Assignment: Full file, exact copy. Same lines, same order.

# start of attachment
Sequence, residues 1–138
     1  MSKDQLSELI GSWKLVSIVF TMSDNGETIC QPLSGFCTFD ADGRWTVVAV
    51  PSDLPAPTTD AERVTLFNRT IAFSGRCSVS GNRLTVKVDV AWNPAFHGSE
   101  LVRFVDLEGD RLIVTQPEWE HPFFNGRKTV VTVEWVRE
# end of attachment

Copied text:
Sequence, residues 1–138
     1  MSKDQLSELI GSWKLVSIVF TMSDNGETIC QPLSGFCTFD ADGRWTVVAV
    51  PSDLPAPTTD AERVTLFNRT IAFSGRCSVS GNRLTVKVDV AWNPAFHGSE
   101  LVRFVDLEGD RLIVTQPEWE HPFFNGRKTV VTVEWVRE